Guatemala: Suppressing dissent at home and abroad. Human rights defenders in Guatemala are facing the worst environment since the civil war.

by Janet Redman, Emira Woods and John Cavanagh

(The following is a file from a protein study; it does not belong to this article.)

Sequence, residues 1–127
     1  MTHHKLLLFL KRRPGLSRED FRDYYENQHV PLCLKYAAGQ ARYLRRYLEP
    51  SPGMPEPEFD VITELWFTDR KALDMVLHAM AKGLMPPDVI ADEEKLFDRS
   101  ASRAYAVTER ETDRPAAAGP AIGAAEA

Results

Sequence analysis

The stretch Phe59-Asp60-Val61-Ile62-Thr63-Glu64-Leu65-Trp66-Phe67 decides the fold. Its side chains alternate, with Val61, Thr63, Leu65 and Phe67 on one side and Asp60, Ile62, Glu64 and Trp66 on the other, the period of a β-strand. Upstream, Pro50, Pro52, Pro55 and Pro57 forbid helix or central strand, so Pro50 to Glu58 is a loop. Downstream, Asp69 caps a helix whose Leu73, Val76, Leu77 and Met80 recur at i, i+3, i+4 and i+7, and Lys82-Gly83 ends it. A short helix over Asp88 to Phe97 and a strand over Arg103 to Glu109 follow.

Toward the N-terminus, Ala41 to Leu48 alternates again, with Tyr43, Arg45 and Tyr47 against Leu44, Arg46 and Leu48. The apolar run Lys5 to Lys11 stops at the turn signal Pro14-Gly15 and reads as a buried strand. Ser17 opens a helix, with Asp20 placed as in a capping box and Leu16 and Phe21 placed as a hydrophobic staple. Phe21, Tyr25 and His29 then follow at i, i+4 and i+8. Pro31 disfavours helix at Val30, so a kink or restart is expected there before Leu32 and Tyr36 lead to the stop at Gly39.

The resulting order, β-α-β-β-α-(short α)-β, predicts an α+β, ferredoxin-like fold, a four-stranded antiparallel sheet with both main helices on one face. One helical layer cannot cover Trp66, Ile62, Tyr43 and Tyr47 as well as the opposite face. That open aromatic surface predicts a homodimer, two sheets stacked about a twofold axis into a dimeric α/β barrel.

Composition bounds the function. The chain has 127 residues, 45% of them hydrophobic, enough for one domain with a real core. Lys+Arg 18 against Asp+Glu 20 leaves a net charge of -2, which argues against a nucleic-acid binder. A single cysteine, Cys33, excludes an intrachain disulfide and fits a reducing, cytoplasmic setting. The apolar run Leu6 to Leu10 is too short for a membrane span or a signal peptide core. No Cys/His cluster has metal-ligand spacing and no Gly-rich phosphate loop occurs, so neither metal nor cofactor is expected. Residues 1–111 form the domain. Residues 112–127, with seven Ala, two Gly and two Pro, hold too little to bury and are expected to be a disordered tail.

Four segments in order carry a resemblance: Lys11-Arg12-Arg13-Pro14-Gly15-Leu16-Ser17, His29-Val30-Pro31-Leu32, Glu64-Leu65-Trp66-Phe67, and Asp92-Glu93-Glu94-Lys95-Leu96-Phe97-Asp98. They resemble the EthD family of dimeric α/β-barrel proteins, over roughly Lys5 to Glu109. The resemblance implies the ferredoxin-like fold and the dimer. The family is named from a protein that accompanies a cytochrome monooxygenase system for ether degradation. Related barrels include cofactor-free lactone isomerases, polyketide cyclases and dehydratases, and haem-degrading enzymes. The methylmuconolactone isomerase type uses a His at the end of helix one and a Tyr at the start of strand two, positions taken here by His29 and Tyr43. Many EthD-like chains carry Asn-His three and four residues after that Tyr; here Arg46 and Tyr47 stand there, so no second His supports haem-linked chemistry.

It’s a rare occasion when the president of a small Central American country tries to get a U.S. Senate aide fired. But Guatemala’s Otto Pérez Molina is not having the typical term.Pérez Molina presided last year over the sharpest escalation in targeted attacks on human rights defenders since Guatemala’s armed conflict ended in 1996. Attacks on human rights defenders—a term encompassing journalists, judicial workers, unionists, indigenous leaders, and others working for basic rights—increased last year by 126 percent, by far the greatest jump recorded in any year in post-war Guatemala. Eighteen human rights defenders were assassinated, a 72-percent increase over 2012, even as the country’s general murder rate has decreased. Also last year, President Pérez Molina was accused of participating in genocide. A former soldier testifying during the trial of former dictator General Efrain Ríos Montt swore under oath that President Pérez Molina had committed atrocities.